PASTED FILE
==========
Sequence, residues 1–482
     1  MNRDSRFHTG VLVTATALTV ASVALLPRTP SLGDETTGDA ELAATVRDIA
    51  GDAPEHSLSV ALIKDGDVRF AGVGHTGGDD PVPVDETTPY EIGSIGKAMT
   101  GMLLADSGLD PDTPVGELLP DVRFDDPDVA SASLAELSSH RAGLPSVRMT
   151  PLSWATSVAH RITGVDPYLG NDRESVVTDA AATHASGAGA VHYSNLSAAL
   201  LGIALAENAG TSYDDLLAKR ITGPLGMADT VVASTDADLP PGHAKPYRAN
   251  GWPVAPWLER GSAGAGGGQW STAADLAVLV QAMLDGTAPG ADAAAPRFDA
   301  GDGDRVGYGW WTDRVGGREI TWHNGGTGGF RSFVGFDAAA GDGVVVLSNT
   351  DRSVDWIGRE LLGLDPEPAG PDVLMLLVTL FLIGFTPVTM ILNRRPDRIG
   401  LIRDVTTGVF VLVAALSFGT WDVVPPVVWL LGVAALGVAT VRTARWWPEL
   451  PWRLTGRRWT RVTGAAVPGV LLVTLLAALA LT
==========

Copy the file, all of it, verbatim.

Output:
Sequence, residues 1–482
     1  MNRDSRFHTG VLVTATALTV ASVALLPRTP SLGDETTGDA ELAATVRDIA
    51  GDAPEHSLSV ALIKDGDVRF AGVGHTGGDD PVPVDETTPY EIGSIGKAMT
   101  GMLLADSGLD PDTPVGELLP DVRFDDPDVA SASLAELSSH RAGLPSVRMT
   151  PLSWATSVAH RITGVDPYLG NDRESVVTDA AATHASGAGA VHYSNLSAAL
   201  LGIALAENAG TSYDDLLAKR ITGPLGMADT VVASTDADLP PGHAKPYRAN
   251  GWPVAPWLER GSAGAGGGQW STAADLAVLV QAMLDGTAPG ADAAAPRFDA
   301  GDGDRVGYGW WTDRVGGREI TWHNGGTGGF RSFVGFDAAA GDGVVVLSNT
   351  DRSVDWIGRE LLGLDPEPAG PDVLMLLVTL FLIGFTPVTM ILNRRPDRIG
   401  LIRDVTTGVF VLVAALSFGT WDVVPPVVWL LGVAALGVAT VRTARWWPEL
   451  PWRLTGRRWT RVTGAAVPGV LLVTLLAALA LT